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Fundamental differences in the radio properties of red and blue quasars : insight from the LOFAR Two-metre Sky Survey (LoTSS).

Rosario, D.J. and Fawcett, V.A. and Klindt, L. and Alexander, D.M. and Morabito, L. and Fotopoulou, S. and Lusso, E and Rivera, G. Calistro (2020) 'Fundamental differences in the radio properties of red and blue quasars : insight from the LOFAR Two-metre Sky Survey (LoTSS).', Monthly notices of the Royal Astronomical Society., 494 (3). pp. 3061-3079.


Red quasi-stellar objects (QSOs) are a subset of the luminous end of the cosmic population of active galactic nuclei (AGN), most of which are reddened by intervening dust along the line-of-sight towards their central engines. In recent work from our team, we developed a systematic technique to select red QSOs from the Sloan Digital Sky Survey (SDSS), and demonstrated that they have distinctive radio properties using the Faint Images of the Radio Sky at Twenty centimeters (FIRST) radio survey. Here we expand our study using low-frequency radio data from the LOFAR Two-metre Sky Survey (LoTSS). With the improvement in depth that LoTSS offers, we confirm key results: compared to a control sample of normal “blue” QSOs matched in redshift and accretion power, red QSOs have a higher radio detection rate and a higher incidence of compact radio morphologies. For the first time, we also demonstrate that these differences arise primarily in sources of intermediate radio-loudness: radio-intermediate red QSOs are × 3 more common than typical QSOs, but the excess diminishes among the most radio-loud and the most radio-quiet systems in our study. We develop Monte-Carlo simulations to explore whether differences in star formation could explain these results, and conclude that, while star formation is an important source of low-frequency emission among radio-quiet QSOs, a population of AGN-driven compact radio sources are the most likely cause for the distinct low-frequency radio properties of red QSOs. Our study substantiates the conclusion that fundamental differences must exist between the red and normal blue QSO populations.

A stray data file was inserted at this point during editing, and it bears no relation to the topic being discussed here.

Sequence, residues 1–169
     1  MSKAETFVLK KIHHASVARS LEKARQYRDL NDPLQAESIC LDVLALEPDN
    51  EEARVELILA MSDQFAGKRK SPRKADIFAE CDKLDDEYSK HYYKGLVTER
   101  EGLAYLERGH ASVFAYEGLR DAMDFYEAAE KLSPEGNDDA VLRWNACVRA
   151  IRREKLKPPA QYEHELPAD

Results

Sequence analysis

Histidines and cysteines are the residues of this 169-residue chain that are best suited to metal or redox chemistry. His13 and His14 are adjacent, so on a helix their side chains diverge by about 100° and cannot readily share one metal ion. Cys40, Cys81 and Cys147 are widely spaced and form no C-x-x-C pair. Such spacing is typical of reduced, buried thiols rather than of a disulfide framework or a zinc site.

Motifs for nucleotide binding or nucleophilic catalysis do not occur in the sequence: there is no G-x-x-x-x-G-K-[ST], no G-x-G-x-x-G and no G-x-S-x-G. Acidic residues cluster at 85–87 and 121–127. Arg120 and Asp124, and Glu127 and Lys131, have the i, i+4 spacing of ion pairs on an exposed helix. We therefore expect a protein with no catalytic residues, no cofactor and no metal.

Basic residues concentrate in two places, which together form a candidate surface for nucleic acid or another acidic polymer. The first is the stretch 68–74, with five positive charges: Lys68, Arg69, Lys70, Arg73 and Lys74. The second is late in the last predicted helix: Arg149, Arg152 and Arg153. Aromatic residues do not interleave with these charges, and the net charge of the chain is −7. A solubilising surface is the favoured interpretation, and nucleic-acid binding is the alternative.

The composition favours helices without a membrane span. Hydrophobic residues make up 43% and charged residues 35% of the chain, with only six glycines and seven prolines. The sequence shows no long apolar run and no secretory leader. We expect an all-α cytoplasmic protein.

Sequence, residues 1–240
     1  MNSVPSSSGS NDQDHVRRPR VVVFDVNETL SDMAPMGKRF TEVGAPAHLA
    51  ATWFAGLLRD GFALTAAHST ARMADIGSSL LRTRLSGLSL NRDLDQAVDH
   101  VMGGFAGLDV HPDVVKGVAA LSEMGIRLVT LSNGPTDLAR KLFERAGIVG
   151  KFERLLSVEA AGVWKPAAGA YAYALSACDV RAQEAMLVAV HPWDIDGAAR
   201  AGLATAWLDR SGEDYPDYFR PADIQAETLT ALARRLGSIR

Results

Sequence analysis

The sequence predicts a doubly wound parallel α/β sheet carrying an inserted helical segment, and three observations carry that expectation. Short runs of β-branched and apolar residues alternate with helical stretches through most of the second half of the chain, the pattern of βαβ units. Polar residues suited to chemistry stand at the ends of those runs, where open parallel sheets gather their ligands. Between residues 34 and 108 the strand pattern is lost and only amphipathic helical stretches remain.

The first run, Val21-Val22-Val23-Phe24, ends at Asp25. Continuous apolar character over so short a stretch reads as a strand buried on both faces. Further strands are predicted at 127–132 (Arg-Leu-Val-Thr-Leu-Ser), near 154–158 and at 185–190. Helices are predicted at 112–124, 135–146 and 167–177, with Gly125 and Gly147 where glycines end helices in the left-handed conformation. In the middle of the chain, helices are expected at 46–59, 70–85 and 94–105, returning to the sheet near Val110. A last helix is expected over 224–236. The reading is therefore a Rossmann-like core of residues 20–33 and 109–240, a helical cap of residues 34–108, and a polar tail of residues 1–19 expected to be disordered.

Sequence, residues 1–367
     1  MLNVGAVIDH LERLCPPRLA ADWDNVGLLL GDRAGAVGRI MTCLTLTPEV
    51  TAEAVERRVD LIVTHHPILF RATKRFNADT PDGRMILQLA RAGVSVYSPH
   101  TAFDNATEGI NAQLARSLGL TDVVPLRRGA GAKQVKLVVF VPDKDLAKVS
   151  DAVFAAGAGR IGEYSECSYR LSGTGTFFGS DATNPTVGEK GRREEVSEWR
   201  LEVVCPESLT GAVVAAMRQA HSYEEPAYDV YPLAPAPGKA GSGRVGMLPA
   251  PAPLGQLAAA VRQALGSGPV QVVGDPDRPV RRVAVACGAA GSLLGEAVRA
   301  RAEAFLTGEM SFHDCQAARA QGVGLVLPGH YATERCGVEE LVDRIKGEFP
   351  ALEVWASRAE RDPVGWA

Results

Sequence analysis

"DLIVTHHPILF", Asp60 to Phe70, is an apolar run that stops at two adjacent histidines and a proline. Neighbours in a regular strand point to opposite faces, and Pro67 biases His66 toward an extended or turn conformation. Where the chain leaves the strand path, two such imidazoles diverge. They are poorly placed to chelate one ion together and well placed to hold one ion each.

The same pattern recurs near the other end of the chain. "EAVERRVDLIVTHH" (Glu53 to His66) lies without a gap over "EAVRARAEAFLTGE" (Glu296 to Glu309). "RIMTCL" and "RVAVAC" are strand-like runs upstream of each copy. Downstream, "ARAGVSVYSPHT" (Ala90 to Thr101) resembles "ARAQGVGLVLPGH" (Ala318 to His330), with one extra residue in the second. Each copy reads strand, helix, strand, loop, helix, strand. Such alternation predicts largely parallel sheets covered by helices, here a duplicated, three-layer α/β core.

Item Type:Article
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Publisher statement:This article has been accepted for publication in Monthly notices of the Royal Astronomical Society. ©: 2020 The Author(s). Published by Oxford University Press on behalf of the Royal Astronomical Society. All rights reserved.
Date accepted:24 March 2020
Date deposited:03 April 2020
Date of first online publication:29 March 2020
Date first made open access:03 April 2020

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